(For the Japanese version of this article)

Case Method Workshop at International University of Health and Welfare, Graduate School [July 23, 2008]

Case Method Workshop at International University of Health and Welfare, Graduate School


Outline


Case method instruction refers to the teaching methods utilizing participatory approach, rather than one way approach of a lecture format. This type of instruction has been carried out at overseas and domestic educational institutions such as business schools. In Japan, it is most prevalent in business management education where it has been credited with improved educational outcomes. However, in addition to the management education of MBA coursework, recently case method instruction has also been introduced to a variety of fields on a trial basis. Amongst these, there is much anticipation with regards to the usefulness of the case method in the medical field.
At the request of the International University of Health and Welfare, Graduate School, which is experimenting with the introduction of the case method, a case method workshop was carried out as a part of the same university’s faculty development program. Opinions were also exchanged regarding the potential for application of case method instruction in the medical education area.


Organized and Supported by: International University of Health and Welfare, Graduate School, Institute for International Studies and Training (IIST)
Date: 9:00 a.m. - 12:00 p.m., July 23, 2008
Place: International University of Health and Welfare, Graduate School, Tokyo Satellite Campus
Lecturer: Etsu Inaba, Director, Human Resources Development, Institute for International Studies and Training (IIST)


Overview


In order to enhance awareness and understanding of the case method of instruction, participants were asked to review case materials and video in advance, and were also introduced to a synopsis of the case method and its educational effects as part of an orientation held on the day of the workshop.
The participants were provided an opportunity to actually experience the case method, by going through prior individual study, a group discussion and a plenary class discussion. The workshop ended with a debriefing and a question-answer session regarding points of importance in relation to the utilization of case method. Participants were very impressed by the new educational methods presented, and extremely heated debates were the order of the day.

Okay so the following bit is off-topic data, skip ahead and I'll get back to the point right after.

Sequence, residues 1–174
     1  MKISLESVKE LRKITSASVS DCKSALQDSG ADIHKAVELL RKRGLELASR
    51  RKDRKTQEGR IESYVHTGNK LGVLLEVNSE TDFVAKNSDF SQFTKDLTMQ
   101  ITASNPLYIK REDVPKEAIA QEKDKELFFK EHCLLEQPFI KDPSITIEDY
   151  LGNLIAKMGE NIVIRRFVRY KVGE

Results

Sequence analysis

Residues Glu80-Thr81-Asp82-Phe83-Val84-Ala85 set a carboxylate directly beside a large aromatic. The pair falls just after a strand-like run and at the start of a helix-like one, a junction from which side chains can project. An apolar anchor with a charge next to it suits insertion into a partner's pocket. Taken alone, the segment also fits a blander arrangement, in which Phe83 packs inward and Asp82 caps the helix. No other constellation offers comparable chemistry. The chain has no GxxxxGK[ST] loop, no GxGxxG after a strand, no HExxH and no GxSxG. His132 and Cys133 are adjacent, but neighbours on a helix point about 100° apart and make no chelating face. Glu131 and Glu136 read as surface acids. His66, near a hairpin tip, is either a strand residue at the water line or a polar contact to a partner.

More than 70% of participants had no prior experience with the case method, but according to the results of a survey carried out after the workshop (with 26 participants responding), 46% of respondents felt that they had a ‘much better understanding’ with regards to the case method, and 54% felt they had a ‘better understanding’. These results make it clear that, even though this was a one-time training, the workshop provided an opportunity to gain a good general overview with regards to the case method. Further, in response to a question that asked, “Do you think you could apply the case method in future training courses that you are in charge of?”, 35% answered, “Yes, definitely” and 46% answered, “Yes, to some extent”. In all, 80% of participants had a positive assessment of the case method, resulting in heightened expectations with regards to future application of the case method in the medical field.


Orientation

Orientation

Class discussion

Class discussion




Human Resource Development Dept.

(For the Japanese version of this article)


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